When I was first asked to write an online wine column about why Teller carries certain wines, my mind was brimming with the plethora of fine Chateauneuf du Papes and oaky Chardonnays that I personally love. Given the endless choices of wines that our customers crave and that we bring into the shop, I had no trouble finding plenty to write about in the last twenty-six articles. But in the way-back recesses of my mind were Rosés, mainly because I had shied away from them. In keeping with our mantra that a good wine is one you like, I remained less than open-minded about trying Rosés until we bought Teller Wines in Lewes.
To me, Rosés were more akin to wimpy red wannabes. So, for the longest time, I actually avoided our own “Juicy Fruity” section, because I equated most Rosés with mass-produced, sweet white Zinfandels (pink in color) that were so popular in the ‘70s and ‘80s. But, fortunately for me, I have forced myself to try several Rosés that have enlightened not only my taste sensibilities but changed my mind about their “worthiness” factor.
Roses are Red1/4 Roses are Red2/4 Roses are Red3/4 Roses are Red4/4
There are basically two ways to make Rosé. Saignee (sen-YAY) is the practice of “bleeding off” lightly tinted juice after a brief maceration with the grapes. Since wine’s color comes from the skins, the longer you steep the grape, the darker and more tannic the wine gets. The second (and less respected) way is to simply blend white wine with red to make it pink. Rosé is made from a myriad of grapes from around the world and is typically associated with hot, coastal locales and the briny flavors of the sea. The Mediterranean countries, mainly France (Cotes de Provence), Italy, and Spain reign supreme in Rosado/Rosato production, but an increasing number of American wineries have begun producing world-class Rosé wines as well.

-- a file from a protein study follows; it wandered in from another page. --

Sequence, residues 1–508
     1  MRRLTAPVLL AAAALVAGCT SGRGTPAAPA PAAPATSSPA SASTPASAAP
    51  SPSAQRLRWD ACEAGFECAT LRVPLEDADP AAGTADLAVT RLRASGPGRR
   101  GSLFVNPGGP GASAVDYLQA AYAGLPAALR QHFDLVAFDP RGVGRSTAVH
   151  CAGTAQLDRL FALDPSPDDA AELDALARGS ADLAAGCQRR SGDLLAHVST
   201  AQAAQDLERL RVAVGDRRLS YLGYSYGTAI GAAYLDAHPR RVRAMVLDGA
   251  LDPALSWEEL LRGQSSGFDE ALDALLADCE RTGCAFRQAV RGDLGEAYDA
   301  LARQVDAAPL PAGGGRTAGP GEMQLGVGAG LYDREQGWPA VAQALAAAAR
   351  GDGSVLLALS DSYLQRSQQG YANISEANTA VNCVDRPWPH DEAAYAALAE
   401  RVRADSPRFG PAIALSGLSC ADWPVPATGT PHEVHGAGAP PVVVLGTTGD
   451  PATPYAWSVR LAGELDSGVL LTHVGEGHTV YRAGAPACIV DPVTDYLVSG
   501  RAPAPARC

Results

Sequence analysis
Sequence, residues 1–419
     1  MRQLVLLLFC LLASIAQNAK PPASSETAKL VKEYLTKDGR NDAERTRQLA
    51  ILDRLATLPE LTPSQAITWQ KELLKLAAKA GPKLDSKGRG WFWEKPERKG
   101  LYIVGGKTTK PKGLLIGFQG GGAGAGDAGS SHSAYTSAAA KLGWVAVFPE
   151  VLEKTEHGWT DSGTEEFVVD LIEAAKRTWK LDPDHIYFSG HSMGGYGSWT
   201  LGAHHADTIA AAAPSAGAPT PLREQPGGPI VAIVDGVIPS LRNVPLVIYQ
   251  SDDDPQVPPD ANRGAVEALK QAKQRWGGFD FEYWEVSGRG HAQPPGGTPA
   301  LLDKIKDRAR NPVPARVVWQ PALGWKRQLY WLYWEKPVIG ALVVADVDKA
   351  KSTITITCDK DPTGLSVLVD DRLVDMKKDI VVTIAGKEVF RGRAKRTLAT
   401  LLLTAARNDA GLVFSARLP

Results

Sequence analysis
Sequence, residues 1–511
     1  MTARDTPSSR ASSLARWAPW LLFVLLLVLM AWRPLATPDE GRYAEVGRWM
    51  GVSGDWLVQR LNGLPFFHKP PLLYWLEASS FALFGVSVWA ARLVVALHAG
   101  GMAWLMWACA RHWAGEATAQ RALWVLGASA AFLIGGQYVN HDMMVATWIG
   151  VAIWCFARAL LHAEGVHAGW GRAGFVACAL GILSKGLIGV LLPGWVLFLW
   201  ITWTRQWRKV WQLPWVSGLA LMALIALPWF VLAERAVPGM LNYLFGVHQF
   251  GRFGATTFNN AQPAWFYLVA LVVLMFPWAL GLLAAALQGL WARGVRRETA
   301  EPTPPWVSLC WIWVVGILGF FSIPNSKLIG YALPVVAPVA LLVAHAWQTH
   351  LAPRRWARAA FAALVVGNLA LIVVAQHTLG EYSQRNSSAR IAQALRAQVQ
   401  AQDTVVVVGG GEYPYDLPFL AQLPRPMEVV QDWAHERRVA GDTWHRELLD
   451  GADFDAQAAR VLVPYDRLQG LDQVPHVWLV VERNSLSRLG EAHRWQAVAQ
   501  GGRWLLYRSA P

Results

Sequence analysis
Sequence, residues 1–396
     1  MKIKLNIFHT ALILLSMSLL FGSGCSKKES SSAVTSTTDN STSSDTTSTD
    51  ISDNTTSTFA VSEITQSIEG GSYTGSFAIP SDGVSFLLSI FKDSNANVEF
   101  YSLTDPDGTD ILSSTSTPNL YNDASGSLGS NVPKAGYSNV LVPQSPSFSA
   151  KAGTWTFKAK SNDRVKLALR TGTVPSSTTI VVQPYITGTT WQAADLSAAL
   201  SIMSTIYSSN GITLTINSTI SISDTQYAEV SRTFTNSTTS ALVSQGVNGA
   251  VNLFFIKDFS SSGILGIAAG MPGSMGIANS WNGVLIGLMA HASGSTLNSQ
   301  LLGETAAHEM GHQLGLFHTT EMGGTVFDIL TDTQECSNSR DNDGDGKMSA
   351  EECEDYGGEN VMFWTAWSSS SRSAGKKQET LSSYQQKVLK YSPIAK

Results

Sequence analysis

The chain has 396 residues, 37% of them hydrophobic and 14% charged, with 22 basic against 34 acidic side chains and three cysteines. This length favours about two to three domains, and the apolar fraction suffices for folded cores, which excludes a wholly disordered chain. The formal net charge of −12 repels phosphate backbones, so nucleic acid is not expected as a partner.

For quality assurance and product research, Kevin and I taste every wine before it comes into the shop. Some are from customer requests, but generally we want to make sure that the wine tastes good and the price transcends the value. Lately, I have had the pleasure of tasting several Rosés that are complex, robust, and surprisingly structured. (No wimps here!) The colors of Rosé can range from shades of pale salmon to vibrant ruby pink. Tantalizing flavors of pomegranate, strawberry, tart cherry, honeysuckle, and citrus on the nose and palate are there to tickle your senses. A vast majority of the Rosés we carry (and that I like) are bone dry and finish with mouth-watering minerality. The best part is that these Rosés can be either delightful on their own or food friendly. Bright acidity and lingering finish make them perfect partners to picnic foods like cold fried chicken, potato salad and pound cake. Or turkey meatloaf, fish tacos, or wood-fired pizzas.
Three of my favorite Rosés are:
1. Aimé Roquesante, made with Cinsault, Grenache and Syrah grapes, from France. It has delightful strawberry aromas, somewhat like a fruit cup. Dry, marked with fine acidity and a slightly bitter note on the finish. It is a great value at $12.99.
2. Viňa Real, a Rosé of Viura and Tempranillo, from Spain, dry and elegant with raspberry, crushed strawberry and rose petals on the palate with a clean finish at a delightful $13.99.
3. Robert Sinskey, from California, a Vin Gris of Pinot Noir, has aromas of frâises-de-bois and mandarin. Taking a sip is like biting into a crisp, ripe nectarine with citrus, pear, and slate. The wine is delicious with youthful vivaciousness, but will only become more enticing as it develops a savory quality. Worth every penny at $31.99.
Summer is the perfect time to enjoy Rosés because chilled properly, they are downright refreshing. Usually, we recommend drinking whites after taking the bottle out of the fridge for about 30-40 minutes before popping the cork, so the wine can come to a more moderate temperature. Otherwise, the chill masks the full flavor. For Rosés however, you want it straight out of the ice box so as to enjoy the maximum zing! I’ve got a lot of catching up to do.